Trade emphasis a part of newly announced USDA reorganization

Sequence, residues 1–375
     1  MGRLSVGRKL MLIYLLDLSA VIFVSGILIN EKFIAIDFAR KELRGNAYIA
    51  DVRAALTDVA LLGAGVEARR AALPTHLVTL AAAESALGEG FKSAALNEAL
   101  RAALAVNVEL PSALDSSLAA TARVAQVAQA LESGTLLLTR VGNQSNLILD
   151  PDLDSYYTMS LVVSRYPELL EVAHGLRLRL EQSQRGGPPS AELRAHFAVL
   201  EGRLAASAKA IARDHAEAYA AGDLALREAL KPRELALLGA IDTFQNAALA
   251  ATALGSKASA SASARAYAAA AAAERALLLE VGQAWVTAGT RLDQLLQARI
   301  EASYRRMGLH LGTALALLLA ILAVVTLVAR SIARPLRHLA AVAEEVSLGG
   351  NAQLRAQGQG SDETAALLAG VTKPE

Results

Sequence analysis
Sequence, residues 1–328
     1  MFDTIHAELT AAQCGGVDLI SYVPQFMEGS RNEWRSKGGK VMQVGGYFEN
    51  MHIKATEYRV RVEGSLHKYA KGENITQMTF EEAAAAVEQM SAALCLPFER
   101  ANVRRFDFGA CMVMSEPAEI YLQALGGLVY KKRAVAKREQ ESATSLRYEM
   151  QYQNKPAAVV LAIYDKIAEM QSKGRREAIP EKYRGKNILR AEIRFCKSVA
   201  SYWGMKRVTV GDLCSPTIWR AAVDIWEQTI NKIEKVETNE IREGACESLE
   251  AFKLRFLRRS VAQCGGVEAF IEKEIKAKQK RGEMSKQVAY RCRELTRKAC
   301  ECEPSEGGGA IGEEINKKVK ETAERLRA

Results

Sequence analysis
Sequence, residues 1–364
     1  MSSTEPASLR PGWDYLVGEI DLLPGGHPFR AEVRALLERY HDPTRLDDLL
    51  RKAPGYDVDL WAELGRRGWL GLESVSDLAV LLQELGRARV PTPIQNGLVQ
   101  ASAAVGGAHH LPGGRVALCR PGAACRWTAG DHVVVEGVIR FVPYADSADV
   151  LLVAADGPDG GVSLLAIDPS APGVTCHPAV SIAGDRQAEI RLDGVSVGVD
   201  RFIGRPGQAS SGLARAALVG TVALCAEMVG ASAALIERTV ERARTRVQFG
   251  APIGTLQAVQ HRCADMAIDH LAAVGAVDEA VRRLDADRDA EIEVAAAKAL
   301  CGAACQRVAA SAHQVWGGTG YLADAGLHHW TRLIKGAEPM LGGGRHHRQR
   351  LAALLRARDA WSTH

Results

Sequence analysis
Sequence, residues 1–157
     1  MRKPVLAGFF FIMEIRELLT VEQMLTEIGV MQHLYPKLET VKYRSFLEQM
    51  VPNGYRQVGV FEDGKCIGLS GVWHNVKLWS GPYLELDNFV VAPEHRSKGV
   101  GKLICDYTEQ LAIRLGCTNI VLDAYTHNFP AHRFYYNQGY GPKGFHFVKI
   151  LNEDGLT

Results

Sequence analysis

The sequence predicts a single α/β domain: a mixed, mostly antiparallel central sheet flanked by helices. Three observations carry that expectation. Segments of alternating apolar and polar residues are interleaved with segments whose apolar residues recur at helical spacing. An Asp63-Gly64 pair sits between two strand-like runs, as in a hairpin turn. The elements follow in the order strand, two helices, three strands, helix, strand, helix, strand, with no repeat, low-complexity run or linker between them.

Share Facebook Twitter Google + LinkedIn Pinterest Thus far, U.S. agriculture has fairly mixed reviews about President Donald Trump. Despite massive support from rural America in his election, the president has been generating significant concern with crucial agricultural policies, most notably with regard to international trade.Trade, of course, is absolutely essential for the economic sustainability of virtually every major U.S. agricultural commodity. The President’s very aggressive stance in opposition to beneficial trade deals for agriculture including the Trans Pacific Partnership (which President Trump withdrew from) and the North American Free Trade Agreement (which President Trump threatened to withdraw from) were making U.S. agriculturalists increasingly uneasy, if not outright angry.The Trump Administration directly addressed this and other growing agricultural concerns in a Cincinnati press conference with newly confirmed U.S. Department of Agriculture Secretary Sonny Perdue.Listen to the full audio from the press conference here.Secretary Purdue in Cincinnati 5-11-17 FULL AUDIO“In order to advance agricultural trade, USDA intends to create an Undersecretary for Trade and Foreign Agricultural Affairs and realign the Foreign Agricultural Service to report to the new Undersecretary,” Perdue said. “Our plan to establish an undersecretary for trade fits right in line with my goal to be American agriculture’s unapologetic advocate and chief salesman around the world. By working side by side with our U.S. Trade Representative and Secretary of Commerce Wilbur Ross, the USDA undersecretary for trade will ensure that American producers are well equipped to sell their products and feed the world.”Photo by Dale Minyo.In the last farm bill, Congress provided direction for USDA to examine options for reorganizing the international trade functions at USDA and potentially creating the new Undersecretary for Trade and Foreign Agricultural Affairs. The new trade-focused position at the USDA is part of a larger department-wide reorganization. Under the existing structure at USDA, the Foreign Agricultural Service (FAS), which deals with overseas markets, and the Farm Service Agency (FSA), which handles domestic issues, are housed under one mission area, along with the Risk Management Agency (RMA). Perdue pointed out that it makes much more sense to situate FAS under the new undersecretary for trade, where staff can sharpen their focus on foreign markets.Perdue said that the reorganization also includes the formation of a new Farm Production and Conservation mission area with a customer focus that meets USDA constituents in the field.“To create a customer-focused culture of public service and improve service delivery to agricultural producers, USDA intends to create an Undersecretary for Farm Production and Conservation and realign the Farm Service Agency, the Risk Management Agency, and the Natural Resources Conservation Service to report to the renamed Undersecretary,” Perdue said. “USDA also intends to realign the Rural Development agencies to report directly to the Secretary to provide additional visibility for the investments being made in rural America.”Though a reduction in USDA workforce is not part of the reorganization plan, with big budget cuts proposed by the Administration the reorganization efforts will likely ultimately facilitate doing more with less.“USDA remains committed to focusing our constrained resources where they will be most effective — on pushing our record-breaking pace of trade and ensuring that opportunities exist throughout the country for Americans to participate in a transformational global economy. In particular, USDA continues to negotiate and support strong trade deals that will open up markets and help farms, ranches, forests, and production facilities grow, create jobs, and increase wages,” Perdue said. “This plan also details additional changes to our Department that will improve the effectiveness of USDA efforts to meet the needs of agricultural and forest managers and demonstrate increased accountability to the American taxpayer.”Click HERE to view the report on the USDA website.The reviews remained mixed from the agricultural community. Those keenly interested in moving trade forward were pleased.“The National Corn Growers Association has long advocated for a dedicated position at USDA focused on increasing U.S. agricultural exports, and we pushed for this provision in the 2014 farm bill. We are pleased to see that post finally become a reality today,” said Wesley Spurlock, president of the National Corn Growers Association. “Secretary Perdue’s announcement signals to farm country that the Trump Administration is listening to America’s farmers and ranchers. In this farm economy, trade is more important than ever to farmers’ incomes. Overseas markets represent 73% of the world’s purchasing power, 87% of economic growth, and 95% of the world’s customers. Now is the time for U.S. agriculture to fully capitalize on growing global demand for our products. Today’s announcement is a big step toward that goal.”There were concerns, however, about some other parts of the re-organization.“The Center for Rural Affairs has fought on behalf of rural communities for nearly 45 years. We are heartened that Sec. Perdue is making strong efforts during his early days in office to express support for rural communities. However, we are concerned about the path he has chosen. Sec. Purdue has proposed eliminating the position of Undersecretary for Rural Development and moving oversight of Rural Development agencies to the Deputy Secretary, USDA’s second-in-command. If he makes this change, Sec. Perdue will be removing the position of the most significant rural advocate within USDA. Rural America stands to suffer as a result,” said Anna Johnson, Center for Rural Affairs Policy Associate. “While USDA has a broad mission to promote and support our country’s food and agriculture, Rural Development is the only part of USDA that has the explicit directive to support rural communities.